Here is what I have learned watching my goats. Goats are comedians, if you are having a bad day, just for a moment watch goats play. They jump sideways, they bounce, they flip about, and occasionally (when they have some fainting goat in their bloodline) they will just fall over. And if you look at them real close, it looks like they’re smiling. Sometimes when I’m having one of those days we all have, and am particularly annoyed by someone, I think to myself GOATS MAKE ME HAPPY…. You not so much!

How long is a horse pregnant for? FOREVER!

Have you ever met someone and you just knew that person was going to be in your life for the rest of your life. Whether they became a best friend, or you marry them, or you end up having them as part of your life for years and years. The relationship that you are able to sense from the moment you meet them isn’t always apparent, but when it is, you walk away from that meeting feeling like you have known that person forever. Introductions to animals can often times happen the same way. You hear people say they didn’t pick the animal or pet the pet picked them. Unless you have experienced it, it can be difficult to explain.

After we lost our horse Bull, we were all besides ourselves with sadness, he made quite the impact on all of us in a short amount of time. We cried over that horse. Those sad tears became happy tears in a very short period of time. You see the day we lost Bull I was in Georgia visiting with a lady who had decided she needed to give up her horse, she didn’t have the time she felt the horse needed and after talking with friends of friends, she was given Jody and I’s number. Before committing to anything, I wanted to meet the horse and her of course, and see if there was anything there. Well upon introduction to Ms. Scarlett, that feeling I described above how sometimes you just know, was the feeling that came over me. Scarlett would be an amazing addition to the farm, and the feeling was mutual we immediately bonded. Scarlett didn’t come home that particular evening but arrangements were made to bring her home.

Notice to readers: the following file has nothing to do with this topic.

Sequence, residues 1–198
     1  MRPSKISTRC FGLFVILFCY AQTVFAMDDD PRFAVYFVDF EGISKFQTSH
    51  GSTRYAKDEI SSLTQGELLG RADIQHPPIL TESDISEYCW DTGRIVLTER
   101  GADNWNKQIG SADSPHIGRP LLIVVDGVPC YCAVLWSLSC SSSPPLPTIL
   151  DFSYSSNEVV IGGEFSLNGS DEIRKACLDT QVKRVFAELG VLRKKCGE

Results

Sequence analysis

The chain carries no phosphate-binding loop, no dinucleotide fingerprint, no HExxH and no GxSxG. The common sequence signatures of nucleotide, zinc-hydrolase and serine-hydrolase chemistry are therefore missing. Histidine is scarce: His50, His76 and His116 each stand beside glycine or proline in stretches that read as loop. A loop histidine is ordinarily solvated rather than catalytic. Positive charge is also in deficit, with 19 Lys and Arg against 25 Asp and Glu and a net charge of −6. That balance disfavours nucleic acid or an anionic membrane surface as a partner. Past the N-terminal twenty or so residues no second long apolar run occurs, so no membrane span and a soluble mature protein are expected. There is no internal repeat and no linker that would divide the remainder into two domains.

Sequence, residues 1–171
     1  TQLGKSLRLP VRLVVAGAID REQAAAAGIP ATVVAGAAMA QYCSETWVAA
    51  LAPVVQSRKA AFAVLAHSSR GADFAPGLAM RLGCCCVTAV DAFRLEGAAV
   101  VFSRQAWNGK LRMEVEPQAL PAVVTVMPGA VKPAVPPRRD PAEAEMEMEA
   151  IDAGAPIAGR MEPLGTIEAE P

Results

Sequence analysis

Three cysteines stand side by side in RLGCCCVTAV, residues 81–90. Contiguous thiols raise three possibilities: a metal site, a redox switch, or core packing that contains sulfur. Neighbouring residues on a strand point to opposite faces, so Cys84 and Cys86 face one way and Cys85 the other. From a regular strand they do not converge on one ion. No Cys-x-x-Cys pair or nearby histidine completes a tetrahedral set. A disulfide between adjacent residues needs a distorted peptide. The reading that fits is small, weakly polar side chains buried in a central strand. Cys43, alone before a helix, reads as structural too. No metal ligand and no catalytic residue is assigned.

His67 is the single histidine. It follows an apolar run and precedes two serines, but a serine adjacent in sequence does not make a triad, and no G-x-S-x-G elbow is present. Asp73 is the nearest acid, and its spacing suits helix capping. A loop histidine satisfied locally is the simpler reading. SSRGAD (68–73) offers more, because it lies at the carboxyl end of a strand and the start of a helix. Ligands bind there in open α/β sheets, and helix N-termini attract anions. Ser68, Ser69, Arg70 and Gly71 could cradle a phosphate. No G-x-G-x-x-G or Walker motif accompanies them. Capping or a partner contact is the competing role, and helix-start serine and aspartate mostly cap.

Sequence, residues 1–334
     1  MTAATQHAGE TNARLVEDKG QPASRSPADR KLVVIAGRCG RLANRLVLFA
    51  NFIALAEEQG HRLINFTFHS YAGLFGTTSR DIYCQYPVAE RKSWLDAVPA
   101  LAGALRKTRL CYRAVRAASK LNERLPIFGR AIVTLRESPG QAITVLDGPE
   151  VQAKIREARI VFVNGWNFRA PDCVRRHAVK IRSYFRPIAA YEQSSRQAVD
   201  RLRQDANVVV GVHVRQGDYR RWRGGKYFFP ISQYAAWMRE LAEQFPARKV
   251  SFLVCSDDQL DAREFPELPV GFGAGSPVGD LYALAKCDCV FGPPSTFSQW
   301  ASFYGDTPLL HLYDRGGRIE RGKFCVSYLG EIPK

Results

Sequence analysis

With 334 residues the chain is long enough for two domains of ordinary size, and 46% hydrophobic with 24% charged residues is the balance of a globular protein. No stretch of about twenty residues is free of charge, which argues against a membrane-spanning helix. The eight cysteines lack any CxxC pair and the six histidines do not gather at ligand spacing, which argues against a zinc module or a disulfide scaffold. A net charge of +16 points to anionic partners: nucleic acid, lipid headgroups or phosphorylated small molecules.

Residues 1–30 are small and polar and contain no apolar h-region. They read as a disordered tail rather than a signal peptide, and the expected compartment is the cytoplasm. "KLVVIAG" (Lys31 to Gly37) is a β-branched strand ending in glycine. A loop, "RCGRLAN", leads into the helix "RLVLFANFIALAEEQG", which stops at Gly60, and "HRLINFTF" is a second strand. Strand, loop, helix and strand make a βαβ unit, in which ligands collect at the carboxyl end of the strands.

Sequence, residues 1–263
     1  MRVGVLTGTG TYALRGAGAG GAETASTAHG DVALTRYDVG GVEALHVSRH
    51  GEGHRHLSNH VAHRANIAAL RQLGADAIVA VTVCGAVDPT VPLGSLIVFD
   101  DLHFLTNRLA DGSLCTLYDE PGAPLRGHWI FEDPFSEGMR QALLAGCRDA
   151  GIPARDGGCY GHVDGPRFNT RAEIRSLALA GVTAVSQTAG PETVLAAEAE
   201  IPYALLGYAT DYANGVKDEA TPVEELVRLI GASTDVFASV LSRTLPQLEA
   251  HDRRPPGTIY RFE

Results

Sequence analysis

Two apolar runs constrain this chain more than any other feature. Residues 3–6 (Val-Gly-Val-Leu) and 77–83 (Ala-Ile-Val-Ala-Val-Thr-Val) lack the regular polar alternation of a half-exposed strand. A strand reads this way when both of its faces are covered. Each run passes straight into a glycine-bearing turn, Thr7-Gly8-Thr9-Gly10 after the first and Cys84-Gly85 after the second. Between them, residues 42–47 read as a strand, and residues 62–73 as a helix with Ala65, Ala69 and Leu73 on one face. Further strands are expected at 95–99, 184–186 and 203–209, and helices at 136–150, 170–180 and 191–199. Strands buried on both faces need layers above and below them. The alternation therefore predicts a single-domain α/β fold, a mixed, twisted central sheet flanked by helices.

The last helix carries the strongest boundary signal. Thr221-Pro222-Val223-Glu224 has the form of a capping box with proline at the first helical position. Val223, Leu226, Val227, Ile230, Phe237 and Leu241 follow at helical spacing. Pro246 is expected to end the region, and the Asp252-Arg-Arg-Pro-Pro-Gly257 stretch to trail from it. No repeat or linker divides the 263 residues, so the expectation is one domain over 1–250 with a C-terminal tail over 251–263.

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Upon my return though that evening as I entered the barn, and was struck with the visual of Bull being gone, a friend that was visiting noticed, AJ had what they call“bagged up” meaning you could see her milk bag, which usually is a sign of pregnancy. Now this was a wild thought to us, because first of all we did not have a stallion anywhere close to her since arriving, which would mean she would have been bred before we even got her. We were in disbelief and were trying to put all the pieces together.  So we decided it was time to call Dr. Jessica back to the farm, now remember 24 hours previously she had been her to put down our horse. Now she was being called to confirm a pregnancy. What a difference a day makes, huh? Well let’s just say the milk bag never lies. Miss AJ (Angelina Jolie) was definitely pregnant. How far along she was, who the father is, and when this baby will arrive is all still a mystery here on the farm.